Suniva Modules Power Georgia’s First Carbon-Neutral Laboratory at Georgia Tech

Suniva, Inc., a U.S. manufacturer of high-efficiency crystalline silicon solar cells and modules, today announced its modules are powering Georgia Tech’s Carbon-Neutral Energy Solutions Laboratory. The 45,000 sq. ft. facility will be used for the research of energy-efficient technologies and carbon sequestration.

“The research conducted within the walls of this new Georgia Institute of Technology lab will provide students the opportunity to have a first-hand role in advancing the field of sustainability for the good of the school, the environment and future generations.”

.The building’s strategic design will use approximately 90% less energy than a comparable building by incorporating cutting edge building science and high-efficiency solar photovoltaics. The project goal is to achieve LEED Platinum certification, the highest level of certification from the U.S. Green Building Council’s Leadership in Energy and Environmental Design green-building rating system.

“This is a pioneering facility for the Institute that will pave the way for advancing the design and construction of sustainable buildings across campus while positioning Georgia Tech as a leader in campus sustainability,” said Howard S. Wertheimer, FAIA, LEED AP, Georgia Tech’s director of capital planning and space management. “The building will be an excellent environment for research experimentation while allowing the opportunity for students to learn about sustainability and net-zero energy-use.”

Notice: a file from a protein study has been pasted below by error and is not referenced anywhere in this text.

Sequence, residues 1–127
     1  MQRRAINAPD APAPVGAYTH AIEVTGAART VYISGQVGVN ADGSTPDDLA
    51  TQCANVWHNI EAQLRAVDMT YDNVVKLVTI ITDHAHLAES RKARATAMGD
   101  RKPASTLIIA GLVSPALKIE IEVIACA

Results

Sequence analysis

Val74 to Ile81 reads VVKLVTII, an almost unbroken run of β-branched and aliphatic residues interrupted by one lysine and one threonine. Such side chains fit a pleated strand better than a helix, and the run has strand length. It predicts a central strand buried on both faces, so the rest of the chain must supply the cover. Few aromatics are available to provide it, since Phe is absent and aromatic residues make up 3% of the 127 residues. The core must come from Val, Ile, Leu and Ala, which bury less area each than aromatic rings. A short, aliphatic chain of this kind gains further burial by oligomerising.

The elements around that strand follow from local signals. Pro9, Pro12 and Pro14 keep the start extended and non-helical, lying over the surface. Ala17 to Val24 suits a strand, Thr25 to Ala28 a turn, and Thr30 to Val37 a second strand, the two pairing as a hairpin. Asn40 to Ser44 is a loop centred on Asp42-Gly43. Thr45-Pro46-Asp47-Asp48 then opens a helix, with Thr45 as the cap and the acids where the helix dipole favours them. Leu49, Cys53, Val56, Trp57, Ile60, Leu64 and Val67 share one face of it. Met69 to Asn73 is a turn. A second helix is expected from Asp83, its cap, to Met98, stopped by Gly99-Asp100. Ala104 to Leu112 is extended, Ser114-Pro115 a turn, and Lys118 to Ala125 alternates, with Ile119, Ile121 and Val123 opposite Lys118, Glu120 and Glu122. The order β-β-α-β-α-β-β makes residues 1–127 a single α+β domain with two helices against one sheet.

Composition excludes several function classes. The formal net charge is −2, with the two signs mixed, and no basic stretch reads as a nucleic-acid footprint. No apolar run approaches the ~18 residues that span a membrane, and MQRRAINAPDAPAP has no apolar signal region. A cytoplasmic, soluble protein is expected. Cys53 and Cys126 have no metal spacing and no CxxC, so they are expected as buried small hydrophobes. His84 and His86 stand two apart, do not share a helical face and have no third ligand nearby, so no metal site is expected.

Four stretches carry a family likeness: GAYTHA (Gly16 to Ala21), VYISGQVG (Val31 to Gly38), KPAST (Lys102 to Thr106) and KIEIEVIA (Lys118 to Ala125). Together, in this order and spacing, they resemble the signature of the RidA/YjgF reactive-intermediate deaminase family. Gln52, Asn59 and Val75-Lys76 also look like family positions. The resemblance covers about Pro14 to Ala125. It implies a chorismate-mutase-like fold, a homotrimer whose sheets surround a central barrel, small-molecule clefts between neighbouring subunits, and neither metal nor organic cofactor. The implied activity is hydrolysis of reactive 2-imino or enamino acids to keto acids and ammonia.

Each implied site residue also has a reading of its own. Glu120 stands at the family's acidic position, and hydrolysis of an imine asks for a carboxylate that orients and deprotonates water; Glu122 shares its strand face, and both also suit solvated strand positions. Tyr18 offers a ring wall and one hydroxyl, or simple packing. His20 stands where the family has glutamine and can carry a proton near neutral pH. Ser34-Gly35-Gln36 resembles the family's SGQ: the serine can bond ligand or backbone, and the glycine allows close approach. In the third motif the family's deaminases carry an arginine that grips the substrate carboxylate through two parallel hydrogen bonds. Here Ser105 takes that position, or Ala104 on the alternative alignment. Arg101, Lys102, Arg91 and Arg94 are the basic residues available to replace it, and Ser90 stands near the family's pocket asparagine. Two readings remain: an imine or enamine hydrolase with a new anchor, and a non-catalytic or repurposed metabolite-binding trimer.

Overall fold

Approximately 1,200 of Suniva’s modules were installed by Inman Solar to power the project. In addition to the main building, the project includes a walkway canopy and two parking structures. The unique front-of-building solar façade is the largest in Georgia.

“Incorporating solar modules prominently into the façade is unique to projects in the Southeast if not beyond, and produces an amazing aesthetic. We’re proud to have had the opportunity to work on such an interesting project,” said Steve Chiariello, principal at Inman Solar. “The innovative design of the facility is truly awe-inspiring and will provide a great place for sustainable research for generations of students.”

The $22.4 million project was partially funded by an $11.6 million grant from the U.S. Commerce Department’s National Institute of Standards and Technology (NIST). Suniva’s cost effective and highly efficient crystalline PV technology fit the demands set by the project developers. In addition, Suniva’s modules fulfilled a “Buy American” clause of the stimulus funds.

“We are thrilled to showcase our products at the institution that gave Suniva its start,” said Ajeet Rohatgi, founder and CTO of Suniva. “The research conducted within the walls of this new Georgia Institute of Technology lab will provide students the opportunity to have a first-hand role in advancing the field of sustainability for the good of the school, the environment and future generations.”

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